judicial pen! These decisions also gave great prestige and publicity to the lawyers and
their clients, thus facilitating fund raising and the recruitment of bright young lawyers
to the cause.
There were also other influential groups such as the Civil Liberties Union. Ralph
Nadar stressed the role of the lawyer on behalf of the consumers and environmen-
talists. In the late 1960s and 1970s, foundations began to fund public interest law
firms that engaged in law reforms through law suits. Private bar organisations also
took up this activity. It was in this context that legal services programmes were framed
under the Economic Opportunity Act, 1964. These include neighbourhood law firms,
class action, law reforms and the like.
The wider philosophy of legal aid, therefore, includes not merely legal aid and advice
in individual cases but also working for the enactment of non-discriminatory laws, for
the enforcement of constitutional rights, and for securing the enforcement of existing
laws in favour of the under-privileged groups by various means including the initiation
of class actions. Some spectacular results have been achieved through this
strategy, as in the racial segregation cases.
This wider view of legal aid is bound to find favour in those countries that have social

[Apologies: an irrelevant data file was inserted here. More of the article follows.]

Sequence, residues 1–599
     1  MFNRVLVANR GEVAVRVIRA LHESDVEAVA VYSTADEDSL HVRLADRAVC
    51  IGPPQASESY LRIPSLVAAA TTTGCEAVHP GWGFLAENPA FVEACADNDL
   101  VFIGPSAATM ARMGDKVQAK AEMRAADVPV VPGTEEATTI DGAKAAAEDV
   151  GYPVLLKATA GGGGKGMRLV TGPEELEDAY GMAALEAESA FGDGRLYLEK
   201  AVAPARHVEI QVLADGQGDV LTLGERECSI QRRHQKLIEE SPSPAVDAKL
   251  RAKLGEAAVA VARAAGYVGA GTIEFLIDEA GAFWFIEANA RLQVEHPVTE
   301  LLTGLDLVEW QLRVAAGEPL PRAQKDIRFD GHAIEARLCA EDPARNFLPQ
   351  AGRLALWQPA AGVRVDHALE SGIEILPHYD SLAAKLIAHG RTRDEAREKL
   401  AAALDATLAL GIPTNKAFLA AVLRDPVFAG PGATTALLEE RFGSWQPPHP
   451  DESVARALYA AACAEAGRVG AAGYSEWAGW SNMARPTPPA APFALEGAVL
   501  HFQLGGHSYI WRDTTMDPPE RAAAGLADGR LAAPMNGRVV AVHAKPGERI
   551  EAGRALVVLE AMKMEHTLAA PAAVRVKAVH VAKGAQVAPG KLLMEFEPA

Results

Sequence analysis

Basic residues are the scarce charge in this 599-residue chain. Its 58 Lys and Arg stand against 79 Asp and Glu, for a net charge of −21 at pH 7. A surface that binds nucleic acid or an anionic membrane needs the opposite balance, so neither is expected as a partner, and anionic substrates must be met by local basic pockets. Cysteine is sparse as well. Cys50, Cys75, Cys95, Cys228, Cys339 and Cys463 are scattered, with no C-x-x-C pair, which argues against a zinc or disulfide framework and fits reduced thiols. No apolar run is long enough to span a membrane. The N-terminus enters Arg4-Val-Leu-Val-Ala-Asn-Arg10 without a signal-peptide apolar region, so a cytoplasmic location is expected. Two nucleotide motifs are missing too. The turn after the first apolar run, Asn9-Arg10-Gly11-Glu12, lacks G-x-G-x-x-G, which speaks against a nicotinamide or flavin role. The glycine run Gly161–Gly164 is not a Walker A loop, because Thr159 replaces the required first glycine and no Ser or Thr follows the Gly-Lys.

groups with wide disparities in income, social attitudes and education, but which
have, at the same time, equality under the law. India is such a country. It is but natural
that the wider view of legal aid should find favour in India; it has groups of poor,
backward or underprivileged people, and it also has a legally enforceable code of
human rights under its written constitution.
Women as a Backward Group
When we consider the recipients of such services, one of the groups that comes to
mind at once is women (if they can be called a group). Women of this country must,
unfortunately, be classified, by and large, as an economically and socially backward
group. It is, of course, impossible to talk with any accuracy about women of this
country in general. We are a nation where several centuries co-exist. We have a
complex socio-economic structure where the position of women changes from region
to region, community to community, caste to caste, and even family to family. Yet, by
and large, our women suffer from 3 main handicaps which are interconnected. These
are (1) socially inferior status, (2) lesser education, (3) economic dependence on
father/husband/son. In this respect, there are vital differences in the position of our
women as compared to the women in the West. These differences have a direct
bearing on the socio-legal programmes that are needed for woman here. The main
problem facing women in the West is that of sexual discrimination—in education and
training opportunities, employment opportunities, wages and the like. For women
here, this type of discrimination is less noticeable. Given the requisite qualifications,
women face no discrimination in education and training opportunities, and much less
discrimination in salary scales, promotions and the like. It is also possible that the
severity of socio-economic discrimination against women tends to overshadow and,
therefore, to some extent, hide this type of sexual discrimination here.

Access to Justice: Socio-Legal Services for Women 65